Lady Gaga Says ByeBye to LadyGaga.org: A Lady Gaga Domain Dispute
Earlier this week, Lady Gaga lost a domain name dispute trying to grant her the rights to LadyGaga.org from its owner, an avid Lady Gaga fan. The fan website has already been up for three years and clearly states that it is for non-commercial use and is an unofficial fan-site simply dedicated to everything Lady Gaga.
The decision, handed down from the UDRP (Uniform Domain-Name Dispute-Resolution Policy), must prove three key points to establish that a domain name should be cancelled or transferred:
(1) the domain name registered by Respondent is identical or confusingly similar to a trademark or service mark in which Complainant has rights;
(2) Respondent has no rights or legitimate interests in respect of the domain name; and
(3) the domain name has been registered and is being used in bad faith.
The above is from the UDRP.
Lady Gaga earlier provided evidence that she is the owner of three federal trademarks in various classes registered at the United States Patent and Trademark Office for the term “Lady Gaga,” proving undeniably that the domain name LadyGaga.org violates the first bullet: that it is identical to a trademark, in this case “Lady Gaga,” to which she has rights.
However, the second point is where Lady Gaga’s case fell apart. Lady Gaga was unable to prove that the owner of LadyGaga.org has no rights or legitimate interests in the domain name. Instead, the ruling was in favor of the domain name as it showed that the website was not profiting from the sale of merchandise of anything bearing the trademark, or any merchandise at all. The website also contained disclaimers such as “Welcome to your #01 unofficial Lady Gaga fansite,” which the decision shows clearly proves a valid disclaimer of association. After the second point failed to be established, the decision did not rule on the third point as it was no longer necessary. The entire decision can be read here. In the end, the Panel ruled to allow the current owner of LadyGaga.org to retain its use of the domain name as long as they did not start to sell goods bearing her trademark. Probably the best quote from the Panel sums up the entire decision: “The Complainant cannot have fame without fans and fans cannot have fan sites without referring to the objects of their adoration.”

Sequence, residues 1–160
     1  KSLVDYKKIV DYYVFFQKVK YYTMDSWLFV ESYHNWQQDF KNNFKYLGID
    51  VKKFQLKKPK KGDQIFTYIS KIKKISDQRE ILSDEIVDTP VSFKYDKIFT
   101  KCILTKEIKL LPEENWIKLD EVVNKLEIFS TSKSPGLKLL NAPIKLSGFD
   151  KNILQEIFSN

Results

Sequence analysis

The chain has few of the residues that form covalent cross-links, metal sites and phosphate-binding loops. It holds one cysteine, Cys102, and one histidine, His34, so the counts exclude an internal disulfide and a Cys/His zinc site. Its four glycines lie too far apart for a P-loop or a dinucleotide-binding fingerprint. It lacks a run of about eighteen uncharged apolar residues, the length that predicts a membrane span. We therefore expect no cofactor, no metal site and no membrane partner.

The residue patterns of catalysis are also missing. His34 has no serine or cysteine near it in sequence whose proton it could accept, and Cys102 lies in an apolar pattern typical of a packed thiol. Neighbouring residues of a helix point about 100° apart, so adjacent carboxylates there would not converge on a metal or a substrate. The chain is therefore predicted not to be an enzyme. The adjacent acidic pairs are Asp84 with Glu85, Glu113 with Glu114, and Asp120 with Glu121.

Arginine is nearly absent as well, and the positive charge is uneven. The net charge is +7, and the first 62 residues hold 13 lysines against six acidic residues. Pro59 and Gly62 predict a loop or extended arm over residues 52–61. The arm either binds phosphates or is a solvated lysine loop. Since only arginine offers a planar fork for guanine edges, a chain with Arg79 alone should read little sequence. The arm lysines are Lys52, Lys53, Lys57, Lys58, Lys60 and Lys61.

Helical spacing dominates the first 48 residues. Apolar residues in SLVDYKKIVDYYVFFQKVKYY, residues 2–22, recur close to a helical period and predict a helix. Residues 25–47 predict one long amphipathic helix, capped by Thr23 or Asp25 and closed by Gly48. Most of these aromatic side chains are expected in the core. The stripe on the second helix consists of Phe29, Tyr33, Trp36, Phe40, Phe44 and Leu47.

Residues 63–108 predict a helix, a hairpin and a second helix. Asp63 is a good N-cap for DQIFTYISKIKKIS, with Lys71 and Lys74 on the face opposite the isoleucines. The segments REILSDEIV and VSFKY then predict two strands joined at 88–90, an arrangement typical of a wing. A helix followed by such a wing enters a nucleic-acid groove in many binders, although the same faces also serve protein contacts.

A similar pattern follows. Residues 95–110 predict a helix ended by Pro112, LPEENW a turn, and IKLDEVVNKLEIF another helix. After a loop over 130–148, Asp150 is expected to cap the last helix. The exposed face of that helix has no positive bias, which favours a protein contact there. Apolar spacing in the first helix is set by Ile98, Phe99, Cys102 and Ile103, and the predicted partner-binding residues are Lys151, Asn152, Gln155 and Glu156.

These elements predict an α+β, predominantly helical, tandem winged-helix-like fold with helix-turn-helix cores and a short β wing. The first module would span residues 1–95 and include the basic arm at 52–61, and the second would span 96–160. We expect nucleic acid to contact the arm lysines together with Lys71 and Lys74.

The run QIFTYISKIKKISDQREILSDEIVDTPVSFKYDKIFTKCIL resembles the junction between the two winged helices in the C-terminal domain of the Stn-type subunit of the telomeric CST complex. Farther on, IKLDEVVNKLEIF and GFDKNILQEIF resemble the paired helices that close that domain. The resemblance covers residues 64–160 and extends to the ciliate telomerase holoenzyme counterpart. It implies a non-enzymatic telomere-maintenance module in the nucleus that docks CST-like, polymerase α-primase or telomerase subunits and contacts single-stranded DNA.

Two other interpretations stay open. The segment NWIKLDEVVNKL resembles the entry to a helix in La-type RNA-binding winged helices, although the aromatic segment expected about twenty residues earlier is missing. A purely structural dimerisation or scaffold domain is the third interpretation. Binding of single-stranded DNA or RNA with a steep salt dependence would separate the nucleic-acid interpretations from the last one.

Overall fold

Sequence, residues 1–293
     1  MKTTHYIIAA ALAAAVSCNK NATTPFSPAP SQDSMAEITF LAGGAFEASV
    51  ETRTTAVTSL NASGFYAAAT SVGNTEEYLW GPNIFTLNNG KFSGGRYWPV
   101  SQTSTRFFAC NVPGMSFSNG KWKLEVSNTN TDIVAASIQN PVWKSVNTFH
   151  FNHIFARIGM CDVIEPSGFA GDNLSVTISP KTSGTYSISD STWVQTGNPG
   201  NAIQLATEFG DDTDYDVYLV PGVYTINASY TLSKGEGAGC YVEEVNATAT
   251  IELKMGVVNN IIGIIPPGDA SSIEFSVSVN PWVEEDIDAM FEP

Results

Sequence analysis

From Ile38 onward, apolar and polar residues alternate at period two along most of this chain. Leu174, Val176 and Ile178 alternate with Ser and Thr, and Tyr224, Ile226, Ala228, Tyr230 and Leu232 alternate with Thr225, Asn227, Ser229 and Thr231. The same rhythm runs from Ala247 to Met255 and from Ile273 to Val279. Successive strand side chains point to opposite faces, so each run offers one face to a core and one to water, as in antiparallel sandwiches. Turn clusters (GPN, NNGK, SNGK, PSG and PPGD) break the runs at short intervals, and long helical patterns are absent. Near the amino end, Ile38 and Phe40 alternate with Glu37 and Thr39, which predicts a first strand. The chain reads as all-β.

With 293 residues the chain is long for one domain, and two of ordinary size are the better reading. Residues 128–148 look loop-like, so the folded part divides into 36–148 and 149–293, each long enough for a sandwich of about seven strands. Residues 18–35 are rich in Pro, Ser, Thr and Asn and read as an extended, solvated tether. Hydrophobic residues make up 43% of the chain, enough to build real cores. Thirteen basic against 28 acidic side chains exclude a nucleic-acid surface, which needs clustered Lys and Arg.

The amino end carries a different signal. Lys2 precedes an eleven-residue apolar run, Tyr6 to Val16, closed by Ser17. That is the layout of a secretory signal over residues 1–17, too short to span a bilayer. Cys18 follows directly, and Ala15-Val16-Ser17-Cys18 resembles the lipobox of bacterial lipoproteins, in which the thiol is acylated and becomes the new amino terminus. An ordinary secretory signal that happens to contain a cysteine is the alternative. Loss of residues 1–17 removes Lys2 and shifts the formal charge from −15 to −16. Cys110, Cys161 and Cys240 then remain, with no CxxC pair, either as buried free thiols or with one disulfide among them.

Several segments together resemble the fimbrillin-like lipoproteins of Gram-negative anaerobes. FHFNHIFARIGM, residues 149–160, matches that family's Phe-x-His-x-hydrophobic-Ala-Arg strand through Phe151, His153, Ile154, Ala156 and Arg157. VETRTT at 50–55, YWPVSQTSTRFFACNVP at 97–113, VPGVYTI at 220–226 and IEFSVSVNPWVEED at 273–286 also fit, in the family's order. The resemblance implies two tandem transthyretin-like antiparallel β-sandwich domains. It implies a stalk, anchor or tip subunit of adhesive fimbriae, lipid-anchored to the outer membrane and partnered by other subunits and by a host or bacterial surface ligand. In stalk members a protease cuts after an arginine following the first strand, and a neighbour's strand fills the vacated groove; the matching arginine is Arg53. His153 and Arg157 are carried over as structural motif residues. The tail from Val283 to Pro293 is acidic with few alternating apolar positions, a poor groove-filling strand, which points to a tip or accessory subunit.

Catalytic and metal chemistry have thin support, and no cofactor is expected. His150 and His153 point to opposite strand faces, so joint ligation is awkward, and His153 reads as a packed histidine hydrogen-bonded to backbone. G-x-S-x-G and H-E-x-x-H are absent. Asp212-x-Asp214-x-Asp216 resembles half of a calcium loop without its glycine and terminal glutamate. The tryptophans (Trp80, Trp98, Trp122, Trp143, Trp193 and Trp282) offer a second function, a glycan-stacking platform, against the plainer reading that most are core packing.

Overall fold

This post was drafted by Heather Mims and edited by Eric Crusius.